Biden calls out ‘poison’ of white supremacy in address at Mother Emanuel in S.C.

Adelle M. Banks/Religion News Service | 1/11/2024, 6 p.m.
President Biden, taking his 2024 re-election campaign to South Carolina, denounced the white supremacy that he said led to deadly …
President Biden delivers remarks Jan. 8 at Mother Emanuel AME Church in Charleston, S.C. where nine worshippers were killed in a mass shooting by a white supremacist in 2015. Photo by Associated Press

President Biden, taking his 2024 re-election campaign to South Carolina, denounced the white supremacy that he said led to deadly violence at Mother Emanuel African Methodist Episcopal Church almost nine years ago.

“The Word of God was pierced by bullets and hate and rage, propelled by not just gunpowder, but by a poison, a poison that has for too long haunted this nation,” he said in an address Monday at the historically Black church where nine people died in 2015 at the hands of a gun-carrying white supremacist they had welcomed to their Bible study.

“What is that poison? White supremacy. All it is is a poison. Throughout our history, it’s ripped this nation apart. This has no place in America. Not today, tomorrow or ever.”

In his campaign appearance that mixed Scripture with election rhetoric, President Biden spoke about his record of affirming African-Americans and Black history. He cited his nomination of Supreme Court Justice Ketanji Brown Jackson and other Black women to federal courts, and his establishment of the Juneteenth holiday and a national monument that honors lynching victim Emmett Till and his mother, Mamie Till.

Without calling Donald Trump by name, President Biden called his Republican opponent a “loser” and criticized him for, after offering his sympathies and prayers about a recent school shooting in Iowa, saying, “We have to get over it.”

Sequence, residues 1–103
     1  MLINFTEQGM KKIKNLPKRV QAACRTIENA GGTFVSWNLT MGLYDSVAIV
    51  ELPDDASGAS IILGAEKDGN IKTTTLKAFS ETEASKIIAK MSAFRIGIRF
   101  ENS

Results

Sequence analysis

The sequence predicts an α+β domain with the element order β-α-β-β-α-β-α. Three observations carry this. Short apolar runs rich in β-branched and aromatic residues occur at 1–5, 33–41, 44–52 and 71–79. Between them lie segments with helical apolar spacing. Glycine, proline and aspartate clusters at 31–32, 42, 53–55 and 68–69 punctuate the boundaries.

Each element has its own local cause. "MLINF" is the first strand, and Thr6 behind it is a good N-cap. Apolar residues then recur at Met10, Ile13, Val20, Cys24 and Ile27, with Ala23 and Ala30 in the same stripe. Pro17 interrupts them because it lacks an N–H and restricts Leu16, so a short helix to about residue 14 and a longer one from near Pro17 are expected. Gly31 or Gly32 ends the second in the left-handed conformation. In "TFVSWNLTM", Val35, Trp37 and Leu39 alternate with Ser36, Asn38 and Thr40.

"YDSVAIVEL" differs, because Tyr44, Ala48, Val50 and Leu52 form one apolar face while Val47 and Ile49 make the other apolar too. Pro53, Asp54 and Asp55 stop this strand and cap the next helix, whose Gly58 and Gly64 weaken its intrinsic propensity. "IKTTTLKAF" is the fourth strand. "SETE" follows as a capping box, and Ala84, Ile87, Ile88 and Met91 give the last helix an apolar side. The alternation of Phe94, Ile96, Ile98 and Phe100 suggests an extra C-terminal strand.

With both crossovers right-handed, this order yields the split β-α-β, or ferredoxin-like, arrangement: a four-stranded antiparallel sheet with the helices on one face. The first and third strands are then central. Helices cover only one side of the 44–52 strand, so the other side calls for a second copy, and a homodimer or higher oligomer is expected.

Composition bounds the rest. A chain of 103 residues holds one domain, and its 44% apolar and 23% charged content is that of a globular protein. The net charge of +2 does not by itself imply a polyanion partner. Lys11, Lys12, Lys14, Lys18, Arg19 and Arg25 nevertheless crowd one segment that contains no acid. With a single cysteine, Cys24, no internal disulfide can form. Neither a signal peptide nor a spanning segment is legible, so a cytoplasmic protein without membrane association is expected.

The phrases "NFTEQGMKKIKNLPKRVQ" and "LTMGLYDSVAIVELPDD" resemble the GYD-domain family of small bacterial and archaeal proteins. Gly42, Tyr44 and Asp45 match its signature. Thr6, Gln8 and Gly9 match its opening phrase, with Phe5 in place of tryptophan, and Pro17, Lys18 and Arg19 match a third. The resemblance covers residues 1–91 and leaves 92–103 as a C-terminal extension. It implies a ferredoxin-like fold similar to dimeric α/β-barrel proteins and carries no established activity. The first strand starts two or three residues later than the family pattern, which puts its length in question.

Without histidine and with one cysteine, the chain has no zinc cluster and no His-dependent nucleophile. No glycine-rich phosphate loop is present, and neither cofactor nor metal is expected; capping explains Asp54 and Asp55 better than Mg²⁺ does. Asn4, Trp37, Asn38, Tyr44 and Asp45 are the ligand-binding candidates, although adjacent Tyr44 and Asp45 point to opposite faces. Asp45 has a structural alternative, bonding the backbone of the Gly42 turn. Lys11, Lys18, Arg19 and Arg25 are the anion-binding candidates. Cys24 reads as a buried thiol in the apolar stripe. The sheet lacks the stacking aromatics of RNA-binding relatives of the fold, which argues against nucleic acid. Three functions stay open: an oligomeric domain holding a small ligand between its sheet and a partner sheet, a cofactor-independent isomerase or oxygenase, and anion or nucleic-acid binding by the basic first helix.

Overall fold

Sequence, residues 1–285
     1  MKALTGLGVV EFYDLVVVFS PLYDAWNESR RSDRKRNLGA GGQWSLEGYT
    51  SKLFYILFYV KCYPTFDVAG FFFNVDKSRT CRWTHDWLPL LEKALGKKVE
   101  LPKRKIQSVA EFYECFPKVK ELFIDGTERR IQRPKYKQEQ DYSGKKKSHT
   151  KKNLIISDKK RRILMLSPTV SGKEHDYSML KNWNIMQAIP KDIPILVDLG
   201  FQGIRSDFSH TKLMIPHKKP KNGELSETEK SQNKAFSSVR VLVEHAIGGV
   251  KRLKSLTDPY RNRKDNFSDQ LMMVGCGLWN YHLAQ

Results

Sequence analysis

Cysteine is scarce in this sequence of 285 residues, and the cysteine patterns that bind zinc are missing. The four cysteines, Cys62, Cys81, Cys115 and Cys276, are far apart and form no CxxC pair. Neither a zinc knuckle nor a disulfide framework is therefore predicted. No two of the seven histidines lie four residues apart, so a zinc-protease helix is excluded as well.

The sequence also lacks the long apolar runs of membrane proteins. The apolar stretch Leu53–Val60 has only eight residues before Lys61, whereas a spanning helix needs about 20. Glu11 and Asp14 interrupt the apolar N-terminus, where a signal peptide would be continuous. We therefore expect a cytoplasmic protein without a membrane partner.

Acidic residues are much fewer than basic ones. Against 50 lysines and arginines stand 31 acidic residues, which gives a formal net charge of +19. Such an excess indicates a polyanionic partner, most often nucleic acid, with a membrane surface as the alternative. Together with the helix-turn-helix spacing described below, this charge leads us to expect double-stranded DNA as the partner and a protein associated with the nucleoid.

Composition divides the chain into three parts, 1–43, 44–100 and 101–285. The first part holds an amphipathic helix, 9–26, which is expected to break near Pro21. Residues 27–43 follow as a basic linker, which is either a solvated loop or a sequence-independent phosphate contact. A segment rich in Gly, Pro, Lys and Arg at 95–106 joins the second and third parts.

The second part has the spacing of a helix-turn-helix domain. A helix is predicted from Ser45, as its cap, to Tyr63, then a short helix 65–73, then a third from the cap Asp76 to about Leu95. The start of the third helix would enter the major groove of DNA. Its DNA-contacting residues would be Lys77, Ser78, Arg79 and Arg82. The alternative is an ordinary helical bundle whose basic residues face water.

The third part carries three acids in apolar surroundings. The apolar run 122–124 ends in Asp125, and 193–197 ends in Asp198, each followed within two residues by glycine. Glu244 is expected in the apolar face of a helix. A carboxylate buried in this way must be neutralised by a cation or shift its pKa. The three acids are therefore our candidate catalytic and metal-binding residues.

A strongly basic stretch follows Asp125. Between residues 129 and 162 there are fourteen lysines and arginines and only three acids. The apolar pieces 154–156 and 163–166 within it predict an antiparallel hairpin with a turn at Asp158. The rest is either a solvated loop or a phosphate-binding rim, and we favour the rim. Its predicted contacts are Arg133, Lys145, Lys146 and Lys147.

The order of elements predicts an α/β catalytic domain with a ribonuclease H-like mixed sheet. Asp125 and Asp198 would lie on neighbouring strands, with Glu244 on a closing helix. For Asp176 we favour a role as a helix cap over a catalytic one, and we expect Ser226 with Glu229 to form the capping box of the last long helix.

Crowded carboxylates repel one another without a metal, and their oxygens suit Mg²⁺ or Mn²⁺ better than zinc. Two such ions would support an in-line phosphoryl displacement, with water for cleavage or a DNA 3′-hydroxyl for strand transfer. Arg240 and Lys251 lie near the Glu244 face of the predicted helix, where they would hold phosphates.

President Biden crossed himself after repeating his opponent’s words and then offered his views.

“My response is: We have to stop it,” he said, drawing applause, “so your children, your family, your friends — you can leave your home, walk the streets, go to stores, go to the grocery store and go to church, to be safe from gun violence.

There’s no excuse for this carnage. We have to ban assault weapons. I did it once before and I’m gonna come back again and do it.”

President Biden’s remarks were interrupted by pro-Palestinian protesters shouting for a cease-fire in the Israel-Hamas war. In return, people in the pews started calling out “Four More Years.”

“I understand their passion,” President Biden responded. “And I’ve been quietly working, been quietly working with the Israeli government to get them to reduce and significantly get out of Gaza, using all that I can to do.”

As he looks ahead to the Democratic primary to be held in South Carolina, President Biden credited people in the state — including those at Mother Emanuel and the support of Rep. James Clyburn, D-S.C. — with his 2020 election.

“Your voice was heard in shaping your destiny. That’s democracy. I’m proud to have led the effort to make sure your voice, the South Carolina voice, will always be heard. Because now you’re first in the primary,” he said, drawing more applause.

South Carolina’s Feb. 3 Democratic primary will be the first official 2024 ballot with President Biden’s name on it, a change recommended by President Biden and other Democrats who wanted the first primary to be held in a more diverse state.

While New Hampshire is still having primaries sooner, President Biden’s name will not be on the ballot as the state’s leaders did not opt to follow the national party’s directive to delay their primary until after South Carolina’s. Instead, Democrats in New Hampshire launched a write-in campaign for President Biden, Politico reported.

As he concluded his speech, in which he lauded the patriotism of the Black church, President Biden drew on a song popularized by gospel artist James Cleveland — “I Don’t Feel No Ways Tired” — to round out the president’s themes about truth, democracy and faith.

“This is a time of choosing, so let us choose the truth; let us choose America,” he said. “I know we can do it together and, as the gospel song sings, ‘We’ve come too far from where we started. Nobody told me the road would be easy. I don’t believe he brought me this far to leave me.’ My fellow Americans, I don’t think the good Lord brought us this far to leave us behind.”